Union with Christ
For we are members of His body, of His flesh and of His bones.
Ephesians 5:30 NKJV
Question 66 of the Larger Catechism, asks, “What is that union which the elect have with Christ?” It gives the answer, “The union which the elect have with Christ is the work of God's grace, whereby they are spiritually and mystically, yet really and inseparably, joined to Christ as their head and husband; which is done in their effectual calling.” Last week we looked at the special benefits belonging to the invisible church. This week we consider what it means to be united to Jesus Christ.
As we saw in Question 65, the Catechism first mentions “Union with Christ” as a benefit belonging exclusively to the “invisible church.” However, when it defines what that union is here in our question, it speaks of it as a state enjoyed by the elect. And so we could ask, is there a difference between the elect and the invisible church, and if so, what is it? The answer is that there is a difference between God’s elect and the invisible church. The elect are that group of people chosen by God from all eternity who will definitely be saved by Him at some point in time. The invisible church are those elect people who have actually been brought into that state of salvation. Thus, a Christian should know and affirm that he was always a member of God’s elect, even while he was an unbeliever: “He chose us in Him before the foundation of the world,” (Eph. 1:4). Yet, at the same time, he should understand that he did not become a member of the invisible church until God actually regenerated him and gave him faith in Christ and repentance from his sins: “He delivered us from the domain of darkness, and transferred us to the kingdom of His beloved Son” (Col. 1:13).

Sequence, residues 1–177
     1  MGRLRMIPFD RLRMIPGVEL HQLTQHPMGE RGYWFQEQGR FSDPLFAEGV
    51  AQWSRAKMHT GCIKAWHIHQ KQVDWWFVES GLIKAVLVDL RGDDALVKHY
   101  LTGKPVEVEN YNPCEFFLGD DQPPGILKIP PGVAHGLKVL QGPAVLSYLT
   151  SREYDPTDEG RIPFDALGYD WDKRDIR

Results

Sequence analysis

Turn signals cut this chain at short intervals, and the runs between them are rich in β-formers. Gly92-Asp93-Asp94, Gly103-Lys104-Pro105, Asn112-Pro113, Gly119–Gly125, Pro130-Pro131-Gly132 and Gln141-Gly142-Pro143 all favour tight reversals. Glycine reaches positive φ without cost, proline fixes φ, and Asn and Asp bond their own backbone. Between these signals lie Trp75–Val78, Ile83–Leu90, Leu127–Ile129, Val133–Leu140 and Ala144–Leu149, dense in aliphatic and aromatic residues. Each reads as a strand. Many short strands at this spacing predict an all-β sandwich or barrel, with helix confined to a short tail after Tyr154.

Accordingly, union with Christ is a benefit which is only enjoyed by the invisible church. As our question states it, “The union which the elect have with Christ is the work of God’s grace… which is done in their effectual calling.” Until the elect sinner is called by God to faith and repentance he is not united to Christ. And so what is this union which we have with Christ? First, we see that it is a work of God’s grace. No one has ever experienced union with Christ by his own works, will, or efforts. Union with Christ is God’s work, and it is God’s work of grace. Remember grace is God’s unmerited – that is, undeserved and unearned – favor. If you have been made a recipient of God’s grace, God has done this not because of anything in you now, or foreseen by God to be in you in the future under the right conditions. God’s favor comes to you because of God, not because of you. And what this favor does is the greatest of all possible benefits: God, through His Son, unites you to Himself!
Let’s look at this union. The Scripture at the head of this article speaks of it in graphically physical terms, but that terminology is used to express the reality of the union. Our union with God cannot be physical, for God is not physical. So we should not understand our union as being or becoming a part of God somehow. It is a spiritual and mystical union. The word mystical means sacred and mysterious. We do not see or sense the union but we know it is true, for God says in many places in His Word, that in our salvation we are forever joined to Him (John 14:17-20; 15:5; Eph. 1:22; 3:17; 5:23). Furthermore, we know that this joining is accomplished by the Holy Spirit, who, in some sense, makes us “one spirit with Him,” (1 Cor. 6:17). Thus, we know, as the Catechism describes it, that we are “really and inseparably joined to Christ.” The union is real. It will never end. But it must remain somewhat of a mystery to us this side of heaven.